- Leading housebuilder reaches over 500 apprentices for first time and pledges to triple the number in training by 2018.
- Inaugural Berkeley Group Apprentice Awards launched at the historic Royal Arsenal
- Latest figures show 25% of contractors decline to bid for new jobs because they lack the workforce.
London, today, Berkeley Group calls on the construction industry to show real leadership in tackling the skills crisis as it announces the winners of the first Berkeley Group Apprentice Awards.
In the past 6 months Berkeley has increased the number of apprentices across the company by 31% - from 390 to 512 - and has pledged to have 1,500 people in apprenticeships and training by 2018.
The awards ceremony, hosted at Royal Arsenal Riverside in Woolwich, recognises individuals and businesses who have demonstrated their commitment to apprenticeships. It is part of a wider campaign by Berkeley to encourage more people into construction.
Research this month by BUILD UK found that 25% of contractors are not bidding for new business because of labour shortages. Berkeley is hoping that by working closely with their sub-contractors and partnering with the supply chain, they can help to turn the tide.
These awards come just a month after publication of the Farmer Review, a Government-commissioned report which revealed chronic shortcomings in the UK construction labour model. This reinforced the analysis by KPMG and the London Chamber of Commerce and Industry showing that 400,000 UK construction workers are expected to retire over the next 10 years.
Rob Perrins, Chief Executive of the Berkeley Group, said:
"This is an issue where business has to lead, not Government. It's our job to find the workforce and develop their skills. Working in construction today is cutting edge, worthwhile and well rewarded. That's the message we have to communicate, getting into schools and tapping into talent pools that historically the industry has struggled to reach - women as well as men, people of all ages, and from every culture and community."
The winners were chosen from 104 submissions for the 13 different awards by a panel of judges including 2 former apprentices, David Blyth and Max Tullett, and winner of a 2016 Women in Build award, Rachel Darvall.
Alongside this apprentice scheme, Berkeley is investing widely in boosting skills and employment across the housebuilding sector. Berkeley has set up a construction skills training centre at Kidbrooke Village in partnership with the Royal Borough of Greenwich. This involves a six week boot camp, including work experience on site. If every London borough copied this model, it would create 800 apprenticeships in one year alone.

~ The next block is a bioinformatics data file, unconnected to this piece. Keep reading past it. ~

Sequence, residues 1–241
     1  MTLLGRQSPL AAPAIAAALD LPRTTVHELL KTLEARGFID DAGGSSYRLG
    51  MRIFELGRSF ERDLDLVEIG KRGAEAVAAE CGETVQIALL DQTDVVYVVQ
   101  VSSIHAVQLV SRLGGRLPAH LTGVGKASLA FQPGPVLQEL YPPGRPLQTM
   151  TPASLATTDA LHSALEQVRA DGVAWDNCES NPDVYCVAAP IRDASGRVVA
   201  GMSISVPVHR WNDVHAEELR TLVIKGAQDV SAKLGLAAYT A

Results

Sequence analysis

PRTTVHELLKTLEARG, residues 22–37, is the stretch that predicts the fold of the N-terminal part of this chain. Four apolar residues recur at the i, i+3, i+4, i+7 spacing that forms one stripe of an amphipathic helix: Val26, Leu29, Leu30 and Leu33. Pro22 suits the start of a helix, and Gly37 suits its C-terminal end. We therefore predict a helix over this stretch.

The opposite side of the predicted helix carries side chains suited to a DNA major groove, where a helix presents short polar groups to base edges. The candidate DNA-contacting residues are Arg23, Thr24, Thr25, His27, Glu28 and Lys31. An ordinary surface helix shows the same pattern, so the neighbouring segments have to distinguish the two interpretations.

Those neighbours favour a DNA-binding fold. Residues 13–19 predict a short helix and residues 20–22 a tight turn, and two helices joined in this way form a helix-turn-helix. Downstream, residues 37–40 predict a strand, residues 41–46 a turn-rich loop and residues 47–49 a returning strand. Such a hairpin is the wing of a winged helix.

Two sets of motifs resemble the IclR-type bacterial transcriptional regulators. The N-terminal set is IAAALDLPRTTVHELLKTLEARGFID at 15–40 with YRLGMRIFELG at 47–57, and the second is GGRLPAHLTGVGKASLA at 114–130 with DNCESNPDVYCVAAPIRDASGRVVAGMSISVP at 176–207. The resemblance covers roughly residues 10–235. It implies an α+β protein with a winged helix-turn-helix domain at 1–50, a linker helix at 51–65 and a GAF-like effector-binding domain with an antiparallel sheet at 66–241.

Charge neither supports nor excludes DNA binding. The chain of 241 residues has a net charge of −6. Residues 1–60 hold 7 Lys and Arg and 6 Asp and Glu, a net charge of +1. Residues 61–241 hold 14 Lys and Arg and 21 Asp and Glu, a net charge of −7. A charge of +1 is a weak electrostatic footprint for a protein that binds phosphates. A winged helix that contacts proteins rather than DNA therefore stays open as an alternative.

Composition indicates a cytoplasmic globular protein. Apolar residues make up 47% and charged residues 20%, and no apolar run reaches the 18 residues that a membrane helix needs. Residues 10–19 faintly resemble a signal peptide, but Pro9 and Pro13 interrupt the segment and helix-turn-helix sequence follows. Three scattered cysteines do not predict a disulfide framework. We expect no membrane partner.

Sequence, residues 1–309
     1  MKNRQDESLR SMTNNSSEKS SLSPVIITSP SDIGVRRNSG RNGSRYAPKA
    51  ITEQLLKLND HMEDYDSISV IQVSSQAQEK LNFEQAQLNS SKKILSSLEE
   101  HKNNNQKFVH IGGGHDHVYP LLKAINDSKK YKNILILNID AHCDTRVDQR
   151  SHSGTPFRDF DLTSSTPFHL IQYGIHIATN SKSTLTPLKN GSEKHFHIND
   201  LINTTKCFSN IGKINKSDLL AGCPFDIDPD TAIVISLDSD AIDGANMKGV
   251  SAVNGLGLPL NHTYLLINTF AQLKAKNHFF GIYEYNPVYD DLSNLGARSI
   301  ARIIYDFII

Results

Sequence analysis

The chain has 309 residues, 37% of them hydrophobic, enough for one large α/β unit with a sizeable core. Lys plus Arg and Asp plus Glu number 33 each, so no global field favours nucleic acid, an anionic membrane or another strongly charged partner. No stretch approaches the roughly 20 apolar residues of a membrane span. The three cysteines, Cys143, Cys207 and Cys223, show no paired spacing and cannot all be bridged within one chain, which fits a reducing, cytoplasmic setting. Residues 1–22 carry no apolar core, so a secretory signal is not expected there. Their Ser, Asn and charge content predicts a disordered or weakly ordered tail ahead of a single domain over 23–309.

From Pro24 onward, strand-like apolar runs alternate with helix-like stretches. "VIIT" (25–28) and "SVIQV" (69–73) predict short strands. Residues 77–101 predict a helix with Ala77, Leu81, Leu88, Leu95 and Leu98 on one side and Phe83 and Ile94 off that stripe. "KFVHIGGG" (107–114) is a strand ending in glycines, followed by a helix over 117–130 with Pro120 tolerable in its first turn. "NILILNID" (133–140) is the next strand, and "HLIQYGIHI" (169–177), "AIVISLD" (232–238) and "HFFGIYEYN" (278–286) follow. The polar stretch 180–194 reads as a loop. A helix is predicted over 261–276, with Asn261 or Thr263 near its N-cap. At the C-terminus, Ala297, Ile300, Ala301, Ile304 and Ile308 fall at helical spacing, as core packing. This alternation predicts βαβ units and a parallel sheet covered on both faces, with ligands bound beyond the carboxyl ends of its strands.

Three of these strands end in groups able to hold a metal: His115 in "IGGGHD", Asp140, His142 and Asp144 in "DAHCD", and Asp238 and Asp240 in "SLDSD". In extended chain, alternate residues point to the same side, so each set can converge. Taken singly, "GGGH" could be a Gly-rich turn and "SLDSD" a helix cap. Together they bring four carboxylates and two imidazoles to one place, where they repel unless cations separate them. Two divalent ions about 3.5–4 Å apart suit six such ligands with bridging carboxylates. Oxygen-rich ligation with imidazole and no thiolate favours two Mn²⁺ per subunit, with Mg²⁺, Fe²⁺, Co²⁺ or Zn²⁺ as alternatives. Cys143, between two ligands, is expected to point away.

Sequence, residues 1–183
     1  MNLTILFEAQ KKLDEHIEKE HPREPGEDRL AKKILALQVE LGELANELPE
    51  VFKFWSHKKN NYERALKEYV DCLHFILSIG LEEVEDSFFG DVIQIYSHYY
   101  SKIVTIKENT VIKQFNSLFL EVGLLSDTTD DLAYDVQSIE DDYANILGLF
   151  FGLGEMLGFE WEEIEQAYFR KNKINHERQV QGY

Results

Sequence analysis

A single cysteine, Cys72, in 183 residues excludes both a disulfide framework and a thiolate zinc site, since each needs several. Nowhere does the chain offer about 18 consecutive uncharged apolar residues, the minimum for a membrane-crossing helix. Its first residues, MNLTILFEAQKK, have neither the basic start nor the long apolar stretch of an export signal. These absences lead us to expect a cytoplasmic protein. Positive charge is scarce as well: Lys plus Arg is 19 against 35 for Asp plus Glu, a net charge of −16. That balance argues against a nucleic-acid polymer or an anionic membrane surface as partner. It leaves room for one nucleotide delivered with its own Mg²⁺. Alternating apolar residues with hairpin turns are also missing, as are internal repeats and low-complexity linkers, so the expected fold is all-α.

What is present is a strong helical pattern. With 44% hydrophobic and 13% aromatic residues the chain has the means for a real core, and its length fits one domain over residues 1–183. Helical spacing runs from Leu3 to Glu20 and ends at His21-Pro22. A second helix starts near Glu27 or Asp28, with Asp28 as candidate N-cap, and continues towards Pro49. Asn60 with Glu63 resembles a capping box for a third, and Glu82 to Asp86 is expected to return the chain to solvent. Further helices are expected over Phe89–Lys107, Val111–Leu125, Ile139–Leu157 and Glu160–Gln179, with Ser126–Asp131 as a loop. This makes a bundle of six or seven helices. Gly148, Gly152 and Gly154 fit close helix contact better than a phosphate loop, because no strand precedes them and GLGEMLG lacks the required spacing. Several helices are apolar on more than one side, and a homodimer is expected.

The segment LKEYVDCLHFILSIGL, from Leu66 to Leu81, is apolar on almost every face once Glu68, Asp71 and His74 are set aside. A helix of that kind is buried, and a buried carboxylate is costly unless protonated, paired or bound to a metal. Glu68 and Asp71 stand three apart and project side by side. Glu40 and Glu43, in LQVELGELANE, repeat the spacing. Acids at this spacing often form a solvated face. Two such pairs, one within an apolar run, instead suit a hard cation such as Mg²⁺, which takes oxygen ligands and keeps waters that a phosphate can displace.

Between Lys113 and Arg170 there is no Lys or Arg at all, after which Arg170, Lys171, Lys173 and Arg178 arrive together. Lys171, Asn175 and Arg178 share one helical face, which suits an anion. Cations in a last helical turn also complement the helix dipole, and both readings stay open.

Notes to editors:
About the winners:
- Best Apprentice in a Berkeley Division - Rose Keene
- Best Dryliner - Liviu Pavel Moga
- Best Bricklayer - Connor Honeyman
- Best Electrical - Ibrahim Dauhoo
- Best External Apprentice - Rhyce Jones
- Best Groundworks - Ashabur Rahman
- Best Plumbing - Steven Willis
- Best Carpentry - Daniel Traylen
- Best Support Service - Lauren Lakeman
- Best Apprentice Champion - Eoin Hickey
- Best Berkeley Division - Berkeley Homes Oxford & Chiltern
- Top Subcontractor - Contour Roofing
- Best Overall Apprentice - Ashabur Rahman
Background on Apprentices:
Best Overall Apprentice - Ashabur Rahman (Dumont, St James)
Ashabur was recruited through Crisis. He had recently been released from prison and was living in a hostel. He had no experience of construction but during the interview with Keltbray they were impressed with his attitude and commitment to changing his life. His apprenticeship takes place in the north of England, which was a challenge due to the conditions of his probation. Working closely with the probation officer, and inspired by the dedication Ashabur has shown, Keltbray have managed to find solutions. He now also mentors new members of staff who are ex-offenders.
Best External Apprentice - Rhyce Jones (Contour Roofing)
Rhyce was nominated for his exceptional contribution and commitment to becoming a skilled roof tiler, slater and leadworker. He started with Contour Roofing in 2015, at the age of 15, and was working under supervision to understand the products and gain knowledge. His attendance is excellent both on site and at college. To Contour, he is proof that apprenticeships work. In 2017, Rhyce will be going out on his own as a gang leader and setting up his own jobs, with the company knowing that he'll deliver a quality finished roof whilst carrying out and adhering to all the safety procedures.
Best Electrical Apprentice - Ibrahim Dauhoo (Woodberry Down, NEL)
Ibrahim's first experience on a building site was when he started at Woodberry Down. He joined Brenbar as an apprentice and took his first steps to become an electrician. He is now a core team member and one of the first to be picked when teams are assigned. Ibrahim is the example that Brenbar judge all apprentices by and his success has inspired the company to invest more time and resources into their apprenticeship program.